"I always wondered how this was going to end."
Mulder's rather pointed words end this week's episode of The X-Files, which features the similarly pointed title "Nothing Lasts Forever." It's the penultimate episode of Season 11 and perhaps for the entire show. So far the chatter about the show's future or lack thereof has been agonizingly back and forth, with parties involved initially saying they were open to more seasons until Gillian Anderson began repeatedly saying this season was her last. Subsequently, showrunner and creator Chris Carter said the show could not go on without Anderson, then walked back that statement.
It's all left fans wondering: If this is the end, was it planned? And most importantly, will we get any real resolution?
This episode hinted very strongly toward at least addressing those fears, with perhaps the most frank conversations we've ever heard about Mulder and Scully's relationship, roles and goals as well as pointed contemplation on the protagonists' mortality and even the show's own lifespan. "Sometimes I wonder why we keep doing it, Scully, in the face of all of this indifference," Mulder says, ostensibly about disbelievers in their investigation but just as easily about the show in 2018. (This season's ratings are down substantially from 2016's thematically inferior Season 10.)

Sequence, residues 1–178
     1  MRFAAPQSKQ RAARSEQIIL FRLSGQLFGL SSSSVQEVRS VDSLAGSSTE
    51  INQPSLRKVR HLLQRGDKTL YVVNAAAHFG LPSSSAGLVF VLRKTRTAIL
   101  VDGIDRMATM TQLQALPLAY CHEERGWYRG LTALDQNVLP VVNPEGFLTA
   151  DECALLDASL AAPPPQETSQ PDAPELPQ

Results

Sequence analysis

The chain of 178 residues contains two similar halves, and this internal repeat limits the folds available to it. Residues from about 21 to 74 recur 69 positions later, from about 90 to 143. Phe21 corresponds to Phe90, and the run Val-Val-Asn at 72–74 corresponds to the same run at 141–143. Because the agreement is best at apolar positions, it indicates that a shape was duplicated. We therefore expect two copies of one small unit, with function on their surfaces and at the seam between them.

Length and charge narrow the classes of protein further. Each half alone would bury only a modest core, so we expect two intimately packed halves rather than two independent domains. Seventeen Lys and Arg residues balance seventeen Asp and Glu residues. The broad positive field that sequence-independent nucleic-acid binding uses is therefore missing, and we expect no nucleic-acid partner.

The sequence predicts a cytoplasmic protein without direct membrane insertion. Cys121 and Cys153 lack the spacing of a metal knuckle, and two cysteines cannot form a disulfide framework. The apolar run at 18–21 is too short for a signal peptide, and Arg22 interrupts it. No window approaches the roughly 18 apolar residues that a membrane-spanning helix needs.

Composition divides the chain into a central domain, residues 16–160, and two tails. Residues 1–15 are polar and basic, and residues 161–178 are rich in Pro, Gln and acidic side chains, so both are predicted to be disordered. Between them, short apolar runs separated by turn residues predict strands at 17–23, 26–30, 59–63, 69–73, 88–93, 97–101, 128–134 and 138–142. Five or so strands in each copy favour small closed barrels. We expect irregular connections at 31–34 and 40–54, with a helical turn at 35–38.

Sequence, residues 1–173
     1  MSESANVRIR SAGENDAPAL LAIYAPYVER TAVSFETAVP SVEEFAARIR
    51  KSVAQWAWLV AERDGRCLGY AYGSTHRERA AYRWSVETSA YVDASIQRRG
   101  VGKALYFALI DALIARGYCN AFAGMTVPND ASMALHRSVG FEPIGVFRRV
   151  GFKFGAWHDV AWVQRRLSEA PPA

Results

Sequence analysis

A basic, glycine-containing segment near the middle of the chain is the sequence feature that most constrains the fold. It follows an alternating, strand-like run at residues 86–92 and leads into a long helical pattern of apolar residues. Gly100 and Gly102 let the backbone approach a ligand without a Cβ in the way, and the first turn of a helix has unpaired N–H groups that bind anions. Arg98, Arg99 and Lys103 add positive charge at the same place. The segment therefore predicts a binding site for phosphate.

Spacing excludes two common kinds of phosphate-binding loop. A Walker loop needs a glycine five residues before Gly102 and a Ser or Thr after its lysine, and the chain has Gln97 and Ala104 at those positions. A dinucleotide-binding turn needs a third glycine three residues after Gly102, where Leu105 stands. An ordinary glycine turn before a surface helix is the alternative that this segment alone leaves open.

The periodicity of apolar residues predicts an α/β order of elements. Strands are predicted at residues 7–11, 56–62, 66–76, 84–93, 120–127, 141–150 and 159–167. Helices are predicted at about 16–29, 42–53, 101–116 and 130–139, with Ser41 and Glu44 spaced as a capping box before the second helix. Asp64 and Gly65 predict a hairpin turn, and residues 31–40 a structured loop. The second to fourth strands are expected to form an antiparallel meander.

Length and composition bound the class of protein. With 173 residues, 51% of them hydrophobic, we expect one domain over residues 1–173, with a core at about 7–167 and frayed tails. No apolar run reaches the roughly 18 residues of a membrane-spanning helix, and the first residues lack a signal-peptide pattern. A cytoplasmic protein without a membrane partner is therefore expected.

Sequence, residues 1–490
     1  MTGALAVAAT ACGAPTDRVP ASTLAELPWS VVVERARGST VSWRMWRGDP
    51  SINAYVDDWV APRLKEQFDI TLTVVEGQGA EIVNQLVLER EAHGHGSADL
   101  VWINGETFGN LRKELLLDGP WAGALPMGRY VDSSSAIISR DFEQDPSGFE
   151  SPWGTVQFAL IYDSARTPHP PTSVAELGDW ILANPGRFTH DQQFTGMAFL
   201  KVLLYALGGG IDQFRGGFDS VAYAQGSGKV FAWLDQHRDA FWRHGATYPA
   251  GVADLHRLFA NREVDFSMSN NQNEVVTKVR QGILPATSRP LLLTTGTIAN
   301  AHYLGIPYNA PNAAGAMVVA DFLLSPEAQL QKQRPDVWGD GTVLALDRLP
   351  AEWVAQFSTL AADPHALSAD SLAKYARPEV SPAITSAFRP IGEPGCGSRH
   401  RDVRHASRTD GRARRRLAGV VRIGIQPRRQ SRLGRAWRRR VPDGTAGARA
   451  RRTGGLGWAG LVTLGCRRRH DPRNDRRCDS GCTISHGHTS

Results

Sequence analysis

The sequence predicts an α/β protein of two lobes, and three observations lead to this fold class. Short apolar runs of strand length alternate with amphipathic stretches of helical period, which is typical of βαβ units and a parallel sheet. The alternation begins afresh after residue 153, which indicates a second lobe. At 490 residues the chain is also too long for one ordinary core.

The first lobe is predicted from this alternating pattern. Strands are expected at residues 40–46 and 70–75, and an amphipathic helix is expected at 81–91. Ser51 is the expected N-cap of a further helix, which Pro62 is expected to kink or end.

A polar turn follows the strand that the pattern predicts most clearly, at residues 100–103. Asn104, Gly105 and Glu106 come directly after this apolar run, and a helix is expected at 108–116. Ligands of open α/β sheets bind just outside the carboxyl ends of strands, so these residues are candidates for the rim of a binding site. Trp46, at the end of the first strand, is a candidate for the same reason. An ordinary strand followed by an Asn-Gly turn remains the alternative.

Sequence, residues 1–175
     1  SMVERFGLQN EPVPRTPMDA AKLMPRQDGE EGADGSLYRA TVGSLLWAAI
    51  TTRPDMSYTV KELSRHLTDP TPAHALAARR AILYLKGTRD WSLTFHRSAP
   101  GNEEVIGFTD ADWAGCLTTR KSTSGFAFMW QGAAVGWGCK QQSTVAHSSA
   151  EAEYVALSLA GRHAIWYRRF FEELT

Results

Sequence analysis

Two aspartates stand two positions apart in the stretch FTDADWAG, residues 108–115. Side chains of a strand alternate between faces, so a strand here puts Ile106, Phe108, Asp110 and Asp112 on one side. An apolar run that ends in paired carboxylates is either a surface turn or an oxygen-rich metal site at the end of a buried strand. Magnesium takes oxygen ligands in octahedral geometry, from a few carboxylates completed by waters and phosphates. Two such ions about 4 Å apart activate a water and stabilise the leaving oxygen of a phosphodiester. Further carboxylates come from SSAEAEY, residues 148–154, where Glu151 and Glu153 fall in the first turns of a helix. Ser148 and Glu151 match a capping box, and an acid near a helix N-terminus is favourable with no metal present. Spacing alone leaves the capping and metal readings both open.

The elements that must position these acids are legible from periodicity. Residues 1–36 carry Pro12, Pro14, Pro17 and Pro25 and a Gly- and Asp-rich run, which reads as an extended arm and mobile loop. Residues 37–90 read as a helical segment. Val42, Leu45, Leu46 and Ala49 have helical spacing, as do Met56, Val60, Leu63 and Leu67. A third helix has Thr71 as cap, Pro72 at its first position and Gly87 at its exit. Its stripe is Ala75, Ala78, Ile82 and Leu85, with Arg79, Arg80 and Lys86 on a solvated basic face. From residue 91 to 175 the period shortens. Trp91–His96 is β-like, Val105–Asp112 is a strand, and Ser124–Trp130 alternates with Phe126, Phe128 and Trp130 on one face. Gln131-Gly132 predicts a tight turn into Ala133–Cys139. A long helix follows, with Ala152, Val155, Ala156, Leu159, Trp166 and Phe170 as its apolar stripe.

The episode revolves around the investigation of a human-organ-eating immortality cult in the Bronx after two guys are found stabbed through the chest with stakes next to an organ-depleted body on a table. The cult leader is a woman named Barbara Beaumont, an actor obsessed with looking 33 and living forever despite her age of 85, along with Dr. Randolph Luvenis, who is apparently pioneering the technology, which involves turning younger people into surgically attached symbionts and also harvesting and consuming healthy young organs as smoothies. He calls it a cure to the greatest disease: aging. But, despite their best efforts, these cult leaders find that, well, nothing lasts forever. They are felled by a Scripture-reciting, vengeance-seeking sister of one of the cult members.